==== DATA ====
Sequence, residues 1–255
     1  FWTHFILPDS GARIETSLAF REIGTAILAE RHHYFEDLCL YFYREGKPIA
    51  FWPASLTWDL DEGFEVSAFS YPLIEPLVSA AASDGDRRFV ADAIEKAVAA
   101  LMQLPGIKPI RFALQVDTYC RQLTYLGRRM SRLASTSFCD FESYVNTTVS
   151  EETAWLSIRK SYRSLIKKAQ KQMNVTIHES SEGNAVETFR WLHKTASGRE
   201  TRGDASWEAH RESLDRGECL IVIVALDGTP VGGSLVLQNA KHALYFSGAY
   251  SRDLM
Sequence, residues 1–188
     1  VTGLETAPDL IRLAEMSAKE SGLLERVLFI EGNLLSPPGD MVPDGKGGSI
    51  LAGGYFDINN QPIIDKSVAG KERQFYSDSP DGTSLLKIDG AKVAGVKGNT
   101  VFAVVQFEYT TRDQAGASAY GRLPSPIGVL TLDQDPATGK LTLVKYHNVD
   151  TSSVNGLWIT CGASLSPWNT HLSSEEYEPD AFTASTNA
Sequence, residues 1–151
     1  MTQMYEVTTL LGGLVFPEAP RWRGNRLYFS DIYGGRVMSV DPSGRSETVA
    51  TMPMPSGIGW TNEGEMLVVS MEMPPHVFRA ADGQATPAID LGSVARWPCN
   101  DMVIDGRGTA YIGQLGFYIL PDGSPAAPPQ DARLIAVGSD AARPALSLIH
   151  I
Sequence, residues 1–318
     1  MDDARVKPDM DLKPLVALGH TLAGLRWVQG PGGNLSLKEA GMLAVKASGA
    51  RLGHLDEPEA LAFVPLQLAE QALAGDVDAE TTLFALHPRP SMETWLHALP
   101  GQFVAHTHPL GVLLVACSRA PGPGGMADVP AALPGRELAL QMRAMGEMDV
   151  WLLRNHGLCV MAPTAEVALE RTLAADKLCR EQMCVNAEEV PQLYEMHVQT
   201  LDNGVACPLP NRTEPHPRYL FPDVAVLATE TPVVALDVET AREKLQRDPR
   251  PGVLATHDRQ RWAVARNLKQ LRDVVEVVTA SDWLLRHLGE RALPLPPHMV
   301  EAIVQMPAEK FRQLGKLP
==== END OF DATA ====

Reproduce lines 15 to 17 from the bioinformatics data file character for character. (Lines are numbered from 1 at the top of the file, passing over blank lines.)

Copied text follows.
    51  TMPMPSGIGW TNEGEMLVVS MEMPPHVFRA ADGQATPAID LGSVARWPCN
   101  DMVIDGRGTA YIGQLGFYIL PDGSPAAPPQ DARLIAVGSD AARPALSLIH
   151  I